(Backdated. Posted 31/7/2017)
Oh the joys of jetlag. Having gone to bed at 8pm, I woke at about 5am. But being summer, it was already light.
Eventually it seemed like a half-decent time to get up and out, and we prepared for our mission.
Why had we come to Cardiff in the first place? And at the start of the holiday? Because of the Doctor Who Experience. It’s been at Cardiff Bay since 2012… but the lease runs out this year and it’s closing.
For a family of Doctor Who obsessives, who on this trip would be coming to the west of England anyway to visit family, including this was a no-brainer.
(Can I get a photo combining Doctor Who and public transport? Yes! Note the bus stop passenger information display.)
Back when I was planning the holiday earlier this year, they’d only confirmed open dates until the first week in July. Way back in 1999, we narrowly missed out on going to Legoland, and I wasn’t going to risk a repeat. So I planned the holiday around ensuring we got to Cardiff first for the Exhibition before it closed.
After booking everything in, including accommodation located about midway between the city centre and the Bay (an easy walk to both)… it was announced the exhibition will be open until September.
No matter, we’d made it there, and we were damn well going to enjoy it!
So on our first full day in Britain, we walked down and arrived just as they opened, for our pre-booked 10am entry.
The initial part of the Experience is a kind of interactive experience thingy. They ask that people don’t record/photograph, so as not to give it away. So I won’t blog about it either, but it’s good!
Then you pass into the exhibition hall, which is a bit like the Sydney Doctor Who Festival we went to in 2015: Lots of displays, costumes, monsters, models from the series, both the “classic” (1963-89) and new (2005-) episodes.
Being adjacent to the studios where they actually produce the show helps them keep the displays completely up to date – costumes from episodes only aired weeks before were on display. And there are plenty of opportunities for photos, with or without your own ridiculous posing with them.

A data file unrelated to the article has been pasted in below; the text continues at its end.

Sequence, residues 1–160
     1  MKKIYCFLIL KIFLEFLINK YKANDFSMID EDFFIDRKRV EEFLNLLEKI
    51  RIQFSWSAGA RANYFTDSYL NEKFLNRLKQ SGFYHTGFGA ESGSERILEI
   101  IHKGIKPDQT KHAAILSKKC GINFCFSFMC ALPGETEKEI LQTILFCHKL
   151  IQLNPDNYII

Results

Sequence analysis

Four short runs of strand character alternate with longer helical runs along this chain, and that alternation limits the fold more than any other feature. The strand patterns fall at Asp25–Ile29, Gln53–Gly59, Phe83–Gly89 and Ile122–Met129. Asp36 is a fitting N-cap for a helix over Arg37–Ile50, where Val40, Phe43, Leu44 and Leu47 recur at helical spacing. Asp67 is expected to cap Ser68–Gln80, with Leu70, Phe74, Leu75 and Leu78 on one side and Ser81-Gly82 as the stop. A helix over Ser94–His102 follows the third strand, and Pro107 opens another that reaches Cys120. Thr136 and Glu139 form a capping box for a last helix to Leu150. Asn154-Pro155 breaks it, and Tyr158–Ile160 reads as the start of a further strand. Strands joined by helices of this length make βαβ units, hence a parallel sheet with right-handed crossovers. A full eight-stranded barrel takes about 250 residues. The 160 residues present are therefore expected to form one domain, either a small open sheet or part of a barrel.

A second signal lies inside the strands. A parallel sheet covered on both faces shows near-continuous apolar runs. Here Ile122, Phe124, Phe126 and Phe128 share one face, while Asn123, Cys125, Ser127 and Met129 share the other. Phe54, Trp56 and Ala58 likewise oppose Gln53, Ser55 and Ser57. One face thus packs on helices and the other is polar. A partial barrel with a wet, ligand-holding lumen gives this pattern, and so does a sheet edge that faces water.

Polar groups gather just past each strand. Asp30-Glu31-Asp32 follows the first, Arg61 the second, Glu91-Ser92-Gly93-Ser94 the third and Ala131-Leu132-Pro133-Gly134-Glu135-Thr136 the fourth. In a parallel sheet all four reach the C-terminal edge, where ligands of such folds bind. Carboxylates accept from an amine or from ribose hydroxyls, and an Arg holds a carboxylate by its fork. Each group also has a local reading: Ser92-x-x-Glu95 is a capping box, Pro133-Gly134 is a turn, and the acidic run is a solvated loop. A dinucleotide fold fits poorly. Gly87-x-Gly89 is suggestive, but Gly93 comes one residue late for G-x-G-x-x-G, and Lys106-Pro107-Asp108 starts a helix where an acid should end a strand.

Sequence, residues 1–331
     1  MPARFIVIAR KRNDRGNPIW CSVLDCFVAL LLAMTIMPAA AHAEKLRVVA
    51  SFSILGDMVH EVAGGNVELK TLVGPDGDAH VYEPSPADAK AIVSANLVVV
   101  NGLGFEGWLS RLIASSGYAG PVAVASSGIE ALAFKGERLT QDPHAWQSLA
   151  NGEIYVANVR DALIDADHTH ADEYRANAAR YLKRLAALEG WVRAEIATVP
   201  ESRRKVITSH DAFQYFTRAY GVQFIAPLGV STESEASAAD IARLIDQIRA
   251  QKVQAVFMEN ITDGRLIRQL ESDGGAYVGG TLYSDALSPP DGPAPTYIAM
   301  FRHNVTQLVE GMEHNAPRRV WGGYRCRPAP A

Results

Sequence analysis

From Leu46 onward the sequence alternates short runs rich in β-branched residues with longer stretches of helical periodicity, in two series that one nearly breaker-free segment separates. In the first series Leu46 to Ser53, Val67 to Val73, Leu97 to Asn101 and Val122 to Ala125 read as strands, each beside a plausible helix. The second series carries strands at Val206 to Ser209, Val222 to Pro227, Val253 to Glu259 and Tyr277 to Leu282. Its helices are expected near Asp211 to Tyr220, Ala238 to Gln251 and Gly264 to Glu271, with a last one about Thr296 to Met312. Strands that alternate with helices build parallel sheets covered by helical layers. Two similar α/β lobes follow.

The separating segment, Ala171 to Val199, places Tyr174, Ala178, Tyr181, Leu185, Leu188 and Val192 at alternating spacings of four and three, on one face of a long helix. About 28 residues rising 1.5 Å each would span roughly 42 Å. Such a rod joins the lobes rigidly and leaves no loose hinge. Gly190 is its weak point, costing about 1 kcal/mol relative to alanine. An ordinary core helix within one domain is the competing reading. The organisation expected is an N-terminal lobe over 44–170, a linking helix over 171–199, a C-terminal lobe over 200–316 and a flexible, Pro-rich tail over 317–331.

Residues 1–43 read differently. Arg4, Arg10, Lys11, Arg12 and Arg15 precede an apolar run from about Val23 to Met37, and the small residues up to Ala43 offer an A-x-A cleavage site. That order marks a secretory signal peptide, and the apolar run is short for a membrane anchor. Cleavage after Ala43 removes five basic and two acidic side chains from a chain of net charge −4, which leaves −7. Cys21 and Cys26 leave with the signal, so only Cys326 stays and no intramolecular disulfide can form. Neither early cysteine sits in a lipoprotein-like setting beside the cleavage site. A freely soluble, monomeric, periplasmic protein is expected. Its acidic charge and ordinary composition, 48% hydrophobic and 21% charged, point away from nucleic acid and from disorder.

Of course you exit (eventually) through the gift shop — merchandise galore, including some items you don’t normally see at other shops — it was only the thought of my limited suitcase capacity that stopped me going crazy with a credit card.
And there’s a chance to sample a welsh cake in the cafe. Nom nom nom.
It was lunchtime by the time we exited, and we grabbed a bite to eat nearby at a takeaway place, and ate in the park as we watched three blokes who, having a lunch break from a nearby office, tried to get their throwing toy down from a tree.
We then walked into Cardiff’s city centre to explore some more, and up towards Cardiff Castle.
One of the local breweries is called Brains, which results in some amusing signage around the place. Makes it look like alcoholic zombies have taken over.
At the northern end of the Cardiff CBD is Cardiff castle, an impressive structure, overlooking one of the main streets. And like many large old buildings, it’s evolved over time: it was a 3rd century Roman fort, then got an 11th century castle, with various changes and upgrades along the way, then the development of a Georgian mansion in the 18th century.
After a quick look at a display of wartime memorabilia under the visitor centre, we did a tour of the mansion, which showed off some of the amazing decorations inside the building.
Then a climb up into the keep. Signs warned of ever-steeper steps up – back in the day, they certainly didn’t design these buildings for ramp accessibility — more like to defend against attackers.
If you make it all the way to the top there are some great views of Cardiff.
After the castle, we had a somewhat early dinner at a nearby famed Italian restaurant called Cafe Citta – it’s lucky we were early or we wouldn’t have got in – this was utterly delicious. Thanks jetlag!
It was still light, so we walked back towards Bute Park, along the way watching a parking officer enthusiastically ordering a car and a van to leave a part time pedestrianised zone. I wonder if he’d like a job in Melbourne? We could do with some like him.
Bute Park sits between the Castle (it was once part of the grounds) and the Taff river. It was a warm evening, and lots of others were wandering around the park enjoying the sunshine.
A walk home, and bedtime by 9pm – still jetlagged, and still sunshine outside.
With the long days, it would be some time into the holiday before we would actually see the night sky. Certainly not tonight.
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